I gave the speech, but I was not very excited about it.

My teacher (who I call Coach) introduced me to the graduating class. I walked up and was trying to think of something nice to say before I started. I’m not very good at expressing my gratitude, but Coach had a very big impact on my life. What I said [about him] was true.

Then, I pulled out the speech.

At that point, my mind went blank. It was a very neutral feeling. There were no nerves involved. All I was thinking was, “Okay here we go.”

A message about abortion law in a surprise graduation speech

I wanted to get across how it felt to have a law like that made, which restricts your rights or takes your rights away.

Smith is pictured with her teacher and mentor nicknamed “Coach”.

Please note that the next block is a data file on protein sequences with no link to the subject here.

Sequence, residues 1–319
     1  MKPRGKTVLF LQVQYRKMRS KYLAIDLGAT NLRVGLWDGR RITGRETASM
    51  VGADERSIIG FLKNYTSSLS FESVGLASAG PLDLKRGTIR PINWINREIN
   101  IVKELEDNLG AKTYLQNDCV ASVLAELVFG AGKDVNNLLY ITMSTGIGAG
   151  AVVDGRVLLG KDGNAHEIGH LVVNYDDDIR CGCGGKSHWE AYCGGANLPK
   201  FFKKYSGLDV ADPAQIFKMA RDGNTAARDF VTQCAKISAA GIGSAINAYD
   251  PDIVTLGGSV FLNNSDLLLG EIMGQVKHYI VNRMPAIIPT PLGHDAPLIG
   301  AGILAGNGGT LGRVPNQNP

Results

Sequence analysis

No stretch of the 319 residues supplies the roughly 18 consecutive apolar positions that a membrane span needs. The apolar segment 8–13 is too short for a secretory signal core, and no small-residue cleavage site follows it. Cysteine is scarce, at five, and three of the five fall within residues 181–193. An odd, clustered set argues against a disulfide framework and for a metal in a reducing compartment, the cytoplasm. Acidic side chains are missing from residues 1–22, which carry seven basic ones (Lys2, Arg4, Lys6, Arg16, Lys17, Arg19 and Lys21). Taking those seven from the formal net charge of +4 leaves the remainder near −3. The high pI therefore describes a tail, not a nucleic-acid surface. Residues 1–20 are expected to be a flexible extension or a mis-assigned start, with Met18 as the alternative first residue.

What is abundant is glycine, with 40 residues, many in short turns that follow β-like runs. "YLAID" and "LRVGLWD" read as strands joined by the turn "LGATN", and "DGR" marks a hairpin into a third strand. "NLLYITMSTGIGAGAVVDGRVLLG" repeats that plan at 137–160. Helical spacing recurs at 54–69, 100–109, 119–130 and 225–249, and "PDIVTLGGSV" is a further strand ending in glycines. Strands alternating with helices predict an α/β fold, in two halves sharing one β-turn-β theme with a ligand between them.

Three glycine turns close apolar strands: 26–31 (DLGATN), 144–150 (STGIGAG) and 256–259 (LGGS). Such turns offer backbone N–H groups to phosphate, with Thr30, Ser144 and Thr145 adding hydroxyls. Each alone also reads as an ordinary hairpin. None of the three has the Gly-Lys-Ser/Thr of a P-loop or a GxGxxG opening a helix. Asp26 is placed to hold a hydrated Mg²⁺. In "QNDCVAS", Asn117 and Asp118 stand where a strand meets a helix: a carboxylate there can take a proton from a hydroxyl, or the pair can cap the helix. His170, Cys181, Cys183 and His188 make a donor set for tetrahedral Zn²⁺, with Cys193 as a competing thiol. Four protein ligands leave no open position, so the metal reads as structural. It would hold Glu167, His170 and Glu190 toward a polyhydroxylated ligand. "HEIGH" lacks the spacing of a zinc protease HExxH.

I wanted to talk about how dehumanizing it felt that a decision that big was taken out of my hands and the hands of so many other women. No matter what you do, things can happen and an unplanned pregnancy can happen. It doesn’t matter the precautions you take.

Nobody cared [about that] and at the end of the day, it was the government’s decision. That just felt horrible, and I wanted people to know how that felt.

There are so many sides to the issue. If I were speaking to a lawmaker, and we are assuming that there is no possible way they can understand the emotional implications, I might just take a logical route.

The point at which a fetus is considered alive is a matter of opinion and personal belief. There is no universally accepted point at which a fetus is considered alive. There is none. It is all a matter of opinion.